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The Way I See It

I understand why a lot of pre-season prognosticators have picked the Toronto Maple Leafs to finish atop the NHL’s North Division this season. Likewise, I understand why a lot of hockey fans west of Ontario are sneering at that as we get ready for the puck to drop on this COVID-shortened 56-game season.

It’s what we do, a Pavlov’s Dog thing, a reaction to a team that hasn’t won anything since 1967. So it goes again this season as the Maple Leafs are getting lots of love in pre-season polls, like the one just published by the folks at NHL.com. While the 15 writers and editors there are almost unanimous in believing the Colorado Avalanche will win the Stanley Cup, eight of them have the Maple Leafs winning the North Division.

I get it. Like ‘em or not, the Maple Leafs are a good hockey club. With four playoff berths up for grabs, there’s no chance they don’t finish in the top three. Sure, they can win it. What I don’t get is how dismissive the same group is about the Edmonton Oilers, who had the best points percentage, with .585 in 71 games last season, of the seven teams who make up the North Division. Just one of the 15 has the Oilers winning the division. Six others have them in the top four. Eight writers have them missing the playoffs.

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Predictions, whether they’re as well thought out as those done by Jason Gregor on this site yesterday, or those offered in the piece I reference, are nothing more than educated guesses. Injuries always play into things. There’s no way for sure to know which players will have a breakout year and who will hit the tank. On top of that, a new alignment with the Canadian teams playing only within the division makes getting it right even trickier. So, sure, the Maple Leafs can win it. But the Oilers out of the playoffs? No chance.

IN THE MIX

Mar 9, 2019; Edmonton, Alberta, CAN; Edmonton Oilers forward Connor McDavid (97) and Toronto Maple Leafs forward Auston Matthews (34) battle for a loose puck during the second period at Rogers Place. Mandatory Credit:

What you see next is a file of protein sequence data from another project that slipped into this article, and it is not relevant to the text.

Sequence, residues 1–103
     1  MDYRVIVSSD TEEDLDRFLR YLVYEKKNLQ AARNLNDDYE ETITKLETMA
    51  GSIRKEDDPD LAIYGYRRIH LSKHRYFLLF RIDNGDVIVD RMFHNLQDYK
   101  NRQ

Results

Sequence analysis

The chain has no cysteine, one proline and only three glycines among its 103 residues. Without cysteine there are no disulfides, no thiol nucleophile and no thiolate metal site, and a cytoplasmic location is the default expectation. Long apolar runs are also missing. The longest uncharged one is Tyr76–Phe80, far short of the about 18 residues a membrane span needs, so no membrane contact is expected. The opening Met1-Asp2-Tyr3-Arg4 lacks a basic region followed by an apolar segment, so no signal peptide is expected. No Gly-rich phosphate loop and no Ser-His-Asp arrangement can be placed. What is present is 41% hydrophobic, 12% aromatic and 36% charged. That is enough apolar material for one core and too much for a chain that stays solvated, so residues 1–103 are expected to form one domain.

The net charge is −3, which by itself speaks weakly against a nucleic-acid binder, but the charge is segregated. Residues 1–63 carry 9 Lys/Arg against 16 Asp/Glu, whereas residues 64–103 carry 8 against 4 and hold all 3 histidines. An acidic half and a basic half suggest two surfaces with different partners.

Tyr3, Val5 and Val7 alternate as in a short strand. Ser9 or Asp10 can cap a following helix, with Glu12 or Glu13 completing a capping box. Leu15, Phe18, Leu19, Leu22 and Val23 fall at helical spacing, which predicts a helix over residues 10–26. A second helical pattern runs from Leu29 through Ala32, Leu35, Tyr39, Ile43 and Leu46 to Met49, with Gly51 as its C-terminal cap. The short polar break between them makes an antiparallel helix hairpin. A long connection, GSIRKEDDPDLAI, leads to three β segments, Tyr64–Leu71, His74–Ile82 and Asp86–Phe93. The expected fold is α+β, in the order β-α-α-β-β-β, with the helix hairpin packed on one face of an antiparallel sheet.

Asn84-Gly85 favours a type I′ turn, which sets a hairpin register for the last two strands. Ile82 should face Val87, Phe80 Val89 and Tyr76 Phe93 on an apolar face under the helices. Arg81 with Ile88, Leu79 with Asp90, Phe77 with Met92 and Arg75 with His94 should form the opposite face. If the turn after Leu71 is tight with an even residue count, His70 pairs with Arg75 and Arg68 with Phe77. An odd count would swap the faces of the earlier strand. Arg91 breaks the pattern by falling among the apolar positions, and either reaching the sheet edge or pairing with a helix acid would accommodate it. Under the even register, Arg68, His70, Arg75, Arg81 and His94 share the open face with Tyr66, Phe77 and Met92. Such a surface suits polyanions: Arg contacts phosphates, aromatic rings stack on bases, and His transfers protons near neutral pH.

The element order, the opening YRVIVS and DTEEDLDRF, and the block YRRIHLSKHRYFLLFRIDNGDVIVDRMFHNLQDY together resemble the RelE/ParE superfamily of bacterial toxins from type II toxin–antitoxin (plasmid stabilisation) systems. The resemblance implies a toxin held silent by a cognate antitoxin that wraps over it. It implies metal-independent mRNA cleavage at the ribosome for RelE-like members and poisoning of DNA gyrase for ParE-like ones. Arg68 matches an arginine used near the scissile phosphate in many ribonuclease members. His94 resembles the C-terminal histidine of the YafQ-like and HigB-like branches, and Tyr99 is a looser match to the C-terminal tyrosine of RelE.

There’s no question the Oilers crapped the bed by losing to the Chicago Blackhawks in the play-in series at Rogers Place last August. That series started to go south right off the hop when Mike Smith got the nod from Dave Tippett in Game 1, then gave up five goals before he got the hook. The penalty killing, terrific all year, gave up three goals. The ugly details we know. The Oilers had no business losing to the Blackhawks in four games. I understand why that sticks in the memory, but I don’t think it makes what we saw from this team during the regular season a mirage.

We can debate how much GM Ken Holland has improved the roster, but I don’t think there’s any question he did when you look at who is gone, most notably Oscar Klefbom with his bad shoulder, and the players Holland has added – Tyson Barrie, Kyle Turris, Dominik Kahun and Jesse Puljujarvi, to name four. There is more depth around Connor McDavid, Leon Draisaitl and Ryan Nugent-Hopkins up front and on the blueline, no?

Will the goaltending be good enough with Mikko Koskinen as the starter and Smith as the only option as his back-up now that Anton Forsberg has been claimed on waivers by Carolina? Fair question. I think it is, especially with a shorter season and with Koskinen as the clear-cut starter. Can the power play and penalty killing be as good?  Will the Oilers be better 5-on-5, their weakness last season? The questions we know. We’ve had them under the microscope for months. But miss the playoffs? Again, no chance.

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For what it’s worth, here’s how I see it the North Division shaping up (last season’s points percentage in parenthesis). Top four teams make the playoffs.

TORONTO (.579)
EDMONTON (.585)
CALGARY (.564)
WINNIPEG (.563)
MONTREAL (.500)
VANCOUVER (.565)
OTTAWA (.437)

MOST OVER-RATED: MONTREAL

Eleven of the 15 writers at NHL.com have the Habs in the playoffs, but this is a team that was .500 at 31-31-9 and sixth among Canadian teams last season. The Habs are set in goal with Carey Price and Jake Allen arriving as his back-up, but their special teams are mediocre and they’re thin on high-end talent outside the blue paint. For me, it’s tight between the Habs and Winnipeg for fourth place. With Connor Hellebuyck in net and Mark Scheifele and Blake Wheeler up front, I’ll take the Jets.

MOST UNDER-RATED

It’s the Oilers by a bunch. Any doubts duly noted, I see the Oilers neck-and-neck with the Maple Leafs atop the North Division and with a 50-50 chance to win it. Only four of 15 writers had the Oilers in the top two and, as noted, eight scribes have them out of the post-season altogether. There isn’t a team in the NHL with a better one-two punch than McDavid and Draisaitl. Barrie is the PP quarterback and rush D-man they’ve lacked. Turris is a key addition. There’s more depth up front and on the back end. Expect amends for how the Oilers shat the sheets against Chicago when the puck drops Wednesday.

Previously by Robin Brownlee